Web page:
A Beginner’s Guide to Electricity and Magnetism

A Beginner’s Guide to Electricity and Magnetism written by Gill Arbuthnott and illustrated by Marc Mones, is a brilliant non fiction book published by Bloomsbury.

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This book takes two complex but fascinating science topics and explains them in a fun and engaging way for children. Starting by describing atoms, we are taken on an historical and informative journey through the discoveries and science of electricity and magnetism and how they are closely connected.

We are introduced to the specific language surrounding this topic with clear and relatable explanations, not just about their meaning but the history around how they were named and the famous scientists who discovered them. Illustrated with a mix of cartoons, photographs and diagrams that break up the information into accessible, bite-sized chunks will capture children’s attention.

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From discussing the magnetic fields of single atoms, the book expands and details the many ways magnets are used right up to the two biggest magnets in the world that were responsible for detecting the Higgs Boson. As well as magnets that humans have learnt to use to their advantage it also covers the fascinating things the Earth’s magnetic field does.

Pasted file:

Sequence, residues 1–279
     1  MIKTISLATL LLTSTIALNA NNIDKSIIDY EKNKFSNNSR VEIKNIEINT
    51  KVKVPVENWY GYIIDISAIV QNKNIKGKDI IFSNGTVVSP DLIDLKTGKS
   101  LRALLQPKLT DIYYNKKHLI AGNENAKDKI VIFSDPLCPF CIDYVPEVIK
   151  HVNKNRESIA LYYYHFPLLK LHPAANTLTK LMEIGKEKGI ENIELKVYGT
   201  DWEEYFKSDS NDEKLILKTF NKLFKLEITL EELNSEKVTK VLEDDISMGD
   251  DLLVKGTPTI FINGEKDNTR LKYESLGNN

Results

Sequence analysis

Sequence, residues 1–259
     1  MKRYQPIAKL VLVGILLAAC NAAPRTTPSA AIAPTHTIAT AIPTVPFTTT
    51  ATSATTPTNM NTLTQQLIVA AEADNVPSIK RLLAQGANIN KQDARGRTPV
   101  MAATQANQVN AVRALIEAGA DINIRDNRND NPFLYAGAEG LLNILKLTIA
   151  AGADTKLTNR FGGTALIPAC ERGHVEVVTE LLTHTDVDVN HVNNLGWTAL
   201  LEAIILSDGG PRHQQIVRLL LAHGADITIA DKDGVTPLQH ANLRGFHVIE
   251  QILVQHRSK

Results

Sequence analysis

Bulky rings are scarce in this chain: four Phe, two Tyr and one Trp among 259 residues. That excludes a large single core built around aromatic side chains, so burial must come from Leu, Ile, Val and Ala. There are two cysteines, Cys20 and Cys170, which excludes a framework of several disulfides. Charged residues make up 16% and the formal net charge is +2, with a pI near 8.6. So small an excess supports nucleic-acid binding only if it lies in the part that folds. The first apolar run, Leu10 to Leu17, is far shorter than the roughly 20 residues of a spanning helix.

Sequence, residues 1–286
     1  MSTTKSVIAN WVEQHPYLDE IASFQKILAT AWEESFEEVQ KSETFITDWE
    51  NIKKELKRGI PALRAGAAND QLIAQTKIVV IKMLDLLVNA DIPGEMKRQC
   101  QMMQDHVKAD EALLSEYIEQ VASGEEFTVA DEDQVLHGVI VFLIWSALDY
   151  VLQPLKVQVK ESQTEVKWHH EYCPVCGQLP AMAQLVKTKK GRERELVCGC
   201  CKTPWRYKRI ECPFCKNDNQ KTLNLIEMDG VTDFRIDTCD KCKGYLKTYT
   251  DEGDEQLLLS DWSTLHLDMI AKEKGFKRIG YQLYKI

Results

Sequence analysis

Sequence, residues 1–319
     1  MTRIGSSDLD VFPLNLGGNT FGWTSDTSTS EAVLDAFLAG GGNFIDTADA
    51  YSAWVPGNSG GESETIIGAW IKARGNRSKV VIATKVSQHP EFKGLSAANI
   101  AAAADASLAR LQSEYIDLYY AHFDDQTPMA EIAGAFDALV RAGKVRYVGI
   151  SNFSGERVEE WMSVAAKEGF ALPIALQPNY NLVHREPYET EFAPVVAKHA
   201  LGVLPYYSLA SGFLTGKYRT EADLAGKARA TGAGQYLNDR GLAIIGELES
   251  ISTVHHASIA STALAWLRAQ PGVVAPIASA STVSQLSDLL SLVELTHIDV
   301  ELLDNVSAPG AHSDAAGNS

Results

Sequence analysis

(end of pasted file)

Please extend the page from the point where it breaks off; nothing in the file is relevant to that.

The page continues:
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When it comes to electricity we look at the ways we can generate it, how it’s distributed and the different ways it is used. And, with clear diagrams and explanations of electric circuits, batteries and transistors children will start thinking about how they use electricity and stop to consider just how many different ways it works. There’s a great diagram of a house that asks the reader to consider which kind of lightbulbs are used in different places. The fact that different lightbulbs exist might be something that children will have never considered, but this simple activity will help to foster their curiosity.

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The opportunities for hands on learning throughout this book are brilliant with a range of activities for children to try. There are simple ones such as separating magnetic from non-magnetic coins to more involved projects like making an electronic quiz board. My four-year-old has just discovered magnets and currently enjoys conducting his own experiments to find out what objects in the house are magnetic. And although he is a bit young for the information in this book he still finds it all fascinating and was particularly drawn to the section on “Electric Animals”.

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This book would be perfectly placed in a key stage 2 classroom or library, in addition to supporting work in Science it also raises questions about the future of technology and the planet with a great section about renewable energy. Books like this are vital, not just for helping to explain complicated topics but they are designed to get children thinking and asking questions about the world, which is always the best way to learn.

Many thanks to Bloomsbury for sending a copy of this book for review.

 

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